Driving down 3001 Vineyard Lane in Baltimore, you might overlook the quaint pink and blue bookstore tucked away among a cluster of stores and colorful row houses. On stepping into this unassuming building, however, you’ll encounter a scene straight out of a bibliomaniac’s wildest dreams: a meandering maze of soaring shelves stacked to the brim with endless brightly-colored books, that are all free. Though it seems too good to be true, there is a catch. This delightful, free take-a-book shop only opens once a month.

The Book Thing of Baltimore is a colorful, volunteer-run, used bookstore where customers are prohibited from spending a single cent for anything on the shelves. The store was established in September 1999 by Russel Wattenberg, a former bartender. Russel discovered that local teachers were in desperate need of reading materials for their students, and hence, The Book Thing began. Their mission is to allocate unwanted books into the hands of those who want them, in an accessible manner. The store is completely operated by a staff of volunteers and features a boundless collection of books and magazines which are restocked through in-person or mail donations.

The Book Thing is open and available to the public one day per month, typically during the second full weekend of the month on either a Saturday or Sunday. The last giveaway event was Sunday, February 13th during which patrons collected a total of 9,584 books and 457 non-books, and also donated 5,431 books and 1,441 non-books! If you plan on attending one of The Book Thing’s giveaway events, be sure to arrive with a mask and a means of carrying the books you collect. Spare boxes and bags are also provided for patrons to store their books in.

Those who visit The Book Thing are bound to come away with a satisfied smile and something that suits their taste. Haania Ahmed, a junior at Reservoir High School, attended the February giveaway and said, “I would absolutely recommend The Book Thing of Baltimore to others passionate and even those not passionate about books because I feel as if there’s something for everyone.” She enjoyed sorting through the various genres that provided something for each patron, from young adult novels to history books and cookbooks. To sum up her visit, she said, “It was a really enjoyable experience and even the wait line wasn’t very long nor did it feel like I was being rushed due to the time limit. Overall, it was really fun and I would love to go again.”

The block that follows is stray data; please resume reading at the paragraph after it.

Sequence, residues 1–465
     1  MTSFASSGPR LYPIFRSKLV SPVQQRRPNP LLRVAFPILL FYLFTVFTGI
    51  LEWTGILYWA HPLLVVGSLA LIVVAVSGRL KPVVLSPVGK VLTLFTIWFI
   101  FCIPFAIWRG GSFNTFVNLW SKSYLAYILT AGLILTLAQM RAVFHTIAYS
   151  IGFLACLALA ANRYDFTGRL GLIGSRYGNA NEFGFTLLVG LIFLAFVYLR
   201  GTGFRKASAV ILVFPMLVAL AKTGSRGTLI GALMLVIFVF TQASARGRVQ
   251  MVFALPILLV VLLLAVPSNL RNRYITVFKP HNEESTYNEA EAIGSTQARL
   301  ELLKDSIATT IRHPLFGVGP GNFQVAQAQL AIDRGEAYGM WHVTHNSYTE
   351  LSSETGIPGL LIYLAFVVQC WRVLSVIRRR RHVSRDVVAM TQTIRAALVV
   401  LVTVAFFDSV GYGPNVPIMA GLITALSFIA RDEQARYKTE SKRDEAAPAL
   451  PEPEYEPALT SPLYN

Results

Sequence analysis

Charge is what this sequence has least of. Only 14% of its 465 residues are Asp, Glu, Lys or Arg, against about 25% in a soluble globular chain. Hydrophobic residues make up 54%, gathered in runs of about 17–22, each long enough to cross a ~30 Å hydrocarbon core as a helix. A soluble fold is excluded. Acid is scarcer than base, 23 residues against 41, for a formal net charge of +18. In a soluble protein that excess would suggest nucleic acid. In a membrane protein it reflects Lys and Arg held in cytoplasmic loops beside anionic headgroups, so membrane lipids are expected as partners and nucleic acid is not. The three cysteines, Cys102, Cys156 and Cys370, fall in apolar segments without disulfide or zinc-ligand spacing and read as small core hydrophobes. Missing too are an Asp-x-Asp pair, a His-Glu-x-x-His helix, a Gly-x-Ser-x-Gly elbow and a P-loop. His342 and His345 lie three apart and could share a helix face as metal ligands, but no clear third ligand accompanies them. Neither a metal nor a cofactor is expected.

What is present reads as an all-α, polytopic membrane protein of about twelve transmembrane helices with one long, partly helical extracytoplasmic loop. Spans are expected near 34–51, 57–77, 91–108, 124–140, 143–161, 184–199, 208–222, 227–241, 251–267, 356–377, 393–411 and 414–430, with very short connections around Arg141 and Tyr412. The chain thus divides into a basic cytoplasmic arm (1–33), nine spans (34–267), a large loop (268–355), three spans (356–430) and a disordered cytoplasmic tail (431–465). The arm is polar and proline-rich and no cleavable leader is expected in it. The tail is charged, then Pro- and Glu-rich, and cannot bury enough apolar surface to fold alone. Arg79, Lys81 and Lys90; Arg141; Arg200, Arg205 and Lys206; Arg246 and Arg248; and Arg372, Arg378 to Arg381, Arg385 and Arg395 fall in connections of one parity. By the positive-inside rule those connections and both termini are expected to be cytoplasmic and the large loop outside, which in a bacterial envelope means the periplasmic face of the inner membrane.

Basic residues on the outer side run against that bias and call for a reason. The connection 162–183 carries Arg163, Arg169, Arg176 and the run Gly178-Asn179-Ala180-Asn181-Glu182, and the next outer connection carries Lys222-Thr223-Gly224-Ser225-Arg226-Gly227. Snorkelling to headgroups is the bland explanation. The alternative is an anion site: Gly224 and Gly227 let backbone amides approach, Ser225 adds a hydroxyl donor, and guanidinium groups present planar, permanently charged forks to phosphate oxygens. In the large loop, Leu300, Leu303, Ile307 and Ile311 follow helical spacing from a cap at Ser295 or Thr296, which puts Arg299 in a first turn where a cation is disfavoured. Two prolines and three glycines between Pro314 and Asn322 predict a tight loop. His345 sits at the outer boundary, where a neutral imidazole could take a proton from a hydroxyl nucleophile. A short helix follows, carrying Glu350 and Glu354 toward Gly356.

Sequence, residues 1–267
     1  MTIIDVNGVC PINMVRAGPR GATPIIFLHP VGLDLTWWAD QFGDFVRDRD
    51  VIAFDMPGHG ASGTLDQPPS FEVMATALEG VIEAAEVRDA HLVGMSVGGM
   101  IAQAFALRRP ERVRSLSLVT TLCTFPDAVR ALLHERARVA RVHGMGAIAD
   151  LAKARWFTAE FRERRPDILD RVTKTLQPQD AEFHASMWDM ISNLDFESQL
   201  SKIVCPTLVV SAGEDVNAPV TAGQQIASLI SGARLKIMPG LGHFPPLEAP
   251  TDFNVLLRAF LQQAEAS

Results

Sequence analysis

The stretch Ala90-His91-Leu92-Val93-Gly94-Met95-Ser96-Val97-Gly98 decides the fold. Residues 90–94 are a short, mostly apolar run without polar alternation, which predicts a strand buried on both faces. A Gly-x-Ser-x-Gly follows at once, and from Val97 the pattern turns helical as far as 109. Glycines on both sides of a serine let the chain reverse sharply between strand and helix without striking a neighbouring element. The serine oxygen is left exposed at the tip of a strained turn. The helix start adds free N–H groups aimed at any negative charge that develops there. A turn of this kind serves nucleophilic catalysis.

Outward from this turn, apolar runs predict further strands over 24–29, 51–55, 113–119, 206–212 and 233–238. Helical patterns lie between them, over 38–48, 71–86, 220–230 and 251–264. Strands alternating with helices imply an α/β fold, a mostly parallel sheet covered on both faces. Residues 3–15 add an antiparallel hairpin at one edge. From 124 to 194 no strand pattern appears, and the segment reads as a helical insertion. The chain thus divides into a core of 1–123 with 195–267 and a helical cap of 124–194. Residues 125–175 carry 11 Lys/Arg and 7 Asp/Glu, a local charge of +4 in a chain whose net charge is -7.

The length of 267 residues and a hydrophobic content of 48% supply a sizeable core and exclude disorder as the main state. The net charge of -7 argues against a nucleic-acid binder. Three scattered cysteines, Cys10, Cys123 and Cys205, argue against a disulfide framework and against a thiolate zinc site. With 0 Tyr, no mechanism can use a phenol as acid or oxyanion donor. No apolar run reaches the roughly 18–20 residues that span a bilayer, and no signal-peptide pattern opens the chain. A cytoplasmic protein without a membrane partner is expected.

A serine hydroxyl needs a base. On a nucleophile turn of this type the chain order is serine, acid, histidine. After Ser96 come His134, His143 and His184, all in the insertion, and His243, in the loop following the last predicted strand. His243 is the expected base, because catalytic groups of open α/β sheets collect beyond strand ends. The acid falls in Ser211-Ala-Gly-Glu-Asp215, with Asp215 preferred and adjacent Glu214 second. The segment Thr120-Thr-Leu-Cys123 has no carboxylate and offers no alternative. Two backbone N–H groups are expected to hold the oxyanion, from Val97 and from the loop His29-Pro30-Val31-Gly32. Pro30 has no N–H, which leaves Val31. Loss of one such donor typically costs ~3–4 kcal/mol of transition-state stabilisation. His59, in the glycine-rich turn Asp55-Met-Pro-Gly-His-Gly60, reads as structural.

The Book Thing isn’t the only hidden treasure buried deep within the bustle and buzz of Baltimore. Located 3 minutes away from the bookstore on 227 W 29th Street is The Papermoon Diner, an eclectic, funky, knickknack-filled diner serving delicious burgers, traditional breakfast, and vegetarian food.

If the whimsical mannequins twinkling with all sorts of trinkets outside the diner aren’t enough to stupefy you, the caged dolls, giant Pez collection, and multitude of other bedecked mannequins inside are sure to do the job. The Papermoon Diner was established by restaurateur Un Kim in 1994, who took over the commonplace diner and its ordinary decor. As the years progressed, however, Kim–alongside her friend David Briskie, a designer–revamped the eatery into a shrine for all sorts of peculiar paraphernalia. 

The most prominent of these miscellaneous articles are the mannequins. They lean against the vibrant walls, striking spirited poses with their glistening plastic hips; they warp under the weight of hordes of plastic cars, dolls, mini-figures, and other toys that bejewel their bodies; and their beckoning, neon plastic limbs protrude from corners of the diner. Aside from these psychedelic figures, vintage planes and cars are affixed to the ceiling, the detached heads of dolls fill up a display case, a framed pop art picture of First Lady Jacqueline Kennedy engages the eye, and diners find themselves immersed in a kaleidoscopic sea of curiosities circling, climbing, and crawling all around them.

Kim and Briskie have spent years combing through yard sales, flea markets, second-hand shops, and auctions to collect bits and pieces for the ‘living’ art in the diner. Customers and other diners have also contributed to the search, including the CEO of a Pez dispenser manufacturer, who gifted the diner his substantial collection of Pez dispensers. These rows upon rows of manifold dispensers are lined up behind a glass display case which greets customers who first step into the diner.

Aside from the diner’s distinct decor, their menu offers mouth-watering, delectable dishes that can’t be overlooked. Papermoon serves milkshakes, breakfast, omelets, salads, quesadillas, fresh wraps, and desserts, along with several vegetarian options. 

While, outwardly, the modest state of Maryland doesn’t seem to offer much, by diving deep into its history you’ll discover a number of distinctive locations worth visiting. So, the next time you’re driving down the buzzing streets of Baltimore, be sure to grab a boatload of free books from The Book Thing and polish off a plate of Grilled Pesto Chicken Breast from The Papermoon Diner. You won’t regret it.

Posted by Shifa Shaikh

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